There are three interesting Whitepaper recently released by Microsoft regarding SSIS. If you are using SSIS enthusiast and work with Hybrid data this three Whitepapers are very essential white-paper in the reference.
I am listing them here together for quick reference. The abstracts are built from the content of the white paper.
When transferring between a database and the cloud, data obviously is in transit. This involves multiple phases, including pre-production testing, data loading, and data synchronization. Sound complex? SQL Server Integration Services (SSIS) is a tool created for moving data in and out of Windows Azure SQL Database, as part of the extract/transform/load (ETL) solution or as part of the data movement even when no transformations are needed. It is effective for data in the cloud, all on your on-site databse, or a mix of the two.
There are already many processes involved with storing and data through the cloud. Not only are there many “moving pieces” involved in the transfer, but it is also necessary to adjust your performance tuning knowledge to apply to a system that is no longer completely self contained, but is a common resource for a greater pool of users. It is important to understand the best practices for cloud sources and hybrid data moves.
SQL Server Integration Services (SSIS) can be used effectively as a tool for moving data to and from Windows Azure SQL Database, as part of the total extract, transform, and load (ETL) solution and as part of the data movement solution. The Windows Azure (WA) platform poses several challenges with SSIS, but sever solutions as well. Projects that move data between cloud and on-site storage involve many processes within all available solutions. SSIS can be used to move data between sources and destinations in the cloud, as well as hybrid situations combining the two. Because operating “in the cloud” can be extremely different from on-site database performance turning, it can require all new training to fully understand how best to use SSIS.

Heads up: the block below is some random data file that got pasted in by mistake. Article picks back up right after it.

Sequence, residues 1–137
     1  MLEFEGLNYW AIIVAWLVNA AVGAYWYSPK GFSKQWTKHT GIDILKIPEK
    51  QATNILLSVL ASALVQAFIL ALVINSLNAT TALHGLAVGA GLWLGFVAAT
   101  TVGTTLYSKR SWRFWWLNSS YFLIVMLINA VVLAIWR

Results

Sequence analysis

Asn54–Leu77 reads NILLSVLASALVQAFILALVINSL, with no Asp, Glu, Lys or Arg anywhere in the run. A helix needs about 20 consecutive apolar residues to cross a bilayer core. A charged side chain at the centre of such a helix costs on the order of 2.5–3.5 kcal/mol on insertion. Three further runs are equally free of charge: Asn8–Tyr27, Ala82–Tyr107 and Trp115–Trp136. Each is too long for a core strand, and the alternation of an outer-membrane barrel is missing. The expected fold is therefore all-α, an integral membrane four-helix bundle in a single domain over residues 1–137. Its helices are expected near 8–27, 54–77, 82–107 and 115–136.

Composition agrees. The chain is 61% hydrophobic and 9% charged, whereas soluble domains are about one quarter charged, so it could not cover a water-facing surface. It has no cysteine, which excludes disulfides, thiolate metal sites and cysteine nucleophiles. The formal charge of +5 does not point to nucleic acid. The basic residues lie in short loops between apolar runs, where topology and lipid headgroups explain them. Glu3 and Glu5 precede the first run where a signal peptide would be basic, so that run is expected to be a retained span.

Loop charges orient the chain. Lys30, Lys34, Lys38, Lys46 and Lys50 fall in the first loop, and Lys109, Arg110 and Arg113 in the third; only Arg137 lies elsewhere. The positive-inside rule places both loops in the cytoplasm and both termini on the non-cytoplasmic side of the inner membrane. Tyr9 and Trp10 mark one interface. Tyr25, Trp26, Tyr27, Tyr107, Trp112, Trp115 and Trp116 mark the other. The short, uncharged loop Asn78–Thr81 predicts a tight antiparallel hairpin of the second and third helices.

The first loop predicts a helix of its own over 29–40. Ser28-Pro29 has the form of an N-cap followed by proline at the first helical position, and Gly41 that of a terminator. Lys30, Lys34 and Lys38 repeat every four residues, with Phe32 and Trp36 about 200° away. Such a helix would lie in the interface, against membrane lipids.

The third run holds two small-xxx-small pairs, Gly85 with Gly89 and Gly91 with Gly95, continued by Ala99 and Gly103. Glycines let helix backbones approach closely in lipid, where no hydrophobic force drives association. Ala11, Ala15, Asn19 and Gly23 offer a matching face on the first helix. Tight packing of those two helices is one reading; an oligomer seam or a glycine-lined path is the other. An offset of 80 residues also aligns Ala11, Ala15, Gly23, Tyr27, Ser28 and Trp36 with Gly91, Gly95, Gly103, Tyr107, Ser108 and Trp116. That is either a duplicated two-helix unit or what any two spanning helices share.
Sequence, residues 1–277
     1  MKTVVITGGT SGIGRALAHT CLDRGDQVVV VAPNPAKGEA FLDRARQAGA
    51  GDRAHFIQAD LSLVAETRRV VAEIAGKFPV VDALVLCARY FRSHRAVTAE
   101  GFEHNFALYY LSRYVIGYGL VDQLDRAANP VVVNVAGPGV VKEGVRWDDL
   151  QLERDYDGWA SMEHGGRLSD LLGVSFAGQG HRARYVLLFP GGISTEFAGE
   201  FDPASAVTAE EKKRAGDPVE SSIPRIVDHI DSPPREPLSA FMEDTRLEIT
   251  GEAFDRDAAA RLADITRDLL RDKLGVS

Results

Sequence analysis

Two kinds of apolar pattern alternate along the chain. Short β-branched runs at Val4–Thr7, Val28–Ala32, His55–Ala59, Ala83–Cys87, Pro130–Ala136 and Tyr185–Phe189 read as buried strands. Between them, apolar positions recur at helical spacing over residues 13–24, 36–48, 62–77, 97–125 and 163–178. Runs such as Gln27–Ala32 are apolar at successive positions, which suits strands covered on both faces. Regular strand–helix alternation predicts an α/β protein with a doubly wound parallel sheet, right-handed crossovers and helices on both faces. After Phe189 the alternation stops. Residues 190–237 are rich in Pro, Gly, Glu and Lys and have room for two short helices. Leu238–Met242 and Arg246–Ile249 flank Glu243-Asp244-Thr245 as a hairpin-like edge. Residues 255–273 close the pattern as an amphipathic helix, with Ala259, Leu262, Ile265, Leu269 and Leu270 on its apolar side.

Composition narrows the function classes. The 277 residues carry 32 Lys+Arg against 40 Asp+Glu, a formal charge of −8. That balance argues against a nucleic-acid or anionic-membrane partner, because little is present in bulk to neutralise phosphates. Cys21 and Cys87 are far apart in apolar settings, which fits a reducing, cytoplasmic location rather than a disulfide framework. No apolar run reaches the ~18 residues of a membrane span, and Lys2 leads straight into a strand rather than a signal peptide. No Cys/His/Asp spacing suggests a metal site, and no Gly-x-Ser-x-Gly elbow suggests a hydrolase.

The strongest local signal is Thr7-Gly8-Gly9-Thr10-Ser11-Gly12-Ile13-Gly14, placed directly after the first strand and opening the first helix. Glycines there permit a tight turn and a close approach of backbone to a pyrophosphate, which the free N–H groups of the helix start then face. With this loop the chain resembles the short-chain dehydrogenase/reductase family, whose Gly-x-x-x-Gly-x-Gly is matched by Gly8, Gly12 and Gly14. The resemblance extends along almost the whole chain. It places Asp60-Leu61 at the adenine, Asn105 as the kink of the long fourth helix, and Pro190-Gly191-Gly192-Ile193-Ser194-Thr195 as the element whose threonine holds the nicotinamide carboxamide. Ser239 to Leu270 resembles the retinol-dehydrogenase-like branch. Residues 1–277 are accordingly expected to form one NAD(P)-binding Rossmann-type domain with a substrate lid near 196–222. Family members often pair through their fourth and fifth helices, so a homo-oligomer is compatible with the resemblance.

Remember when one gigabyte of data was an unheard of amount? Now systems deal with terabytes and petabytes – but not quickly. Querying this much data can take hours, especially when it is stored in Hadoop unstructured. However, the same data can be stored, structured, in SQL Server and queried in seconds. Thus, there is a need for data transfer between Hadoop and SQL Server. SSIS, an ETL tool can be used to automate Hadoop and non-Hadoop jobs and manage data transfers.
Microsoft has coordinated with Hadoop to allow Hadoop to run on Windows Server and Azure, integrating with the rest of the Microsoft platform. This allows users to download data into or out of any Windows program, like Excel or Word. SSIS is another Windows tool that allows easy communication between Hadoop, and SQL Server, in this example. This integration is sure to become a useful tool in any database administrator’s tool belt, and ought to be learned as early as possible.
Reference: Pinal Dave (https://blog.sqlauthority.com)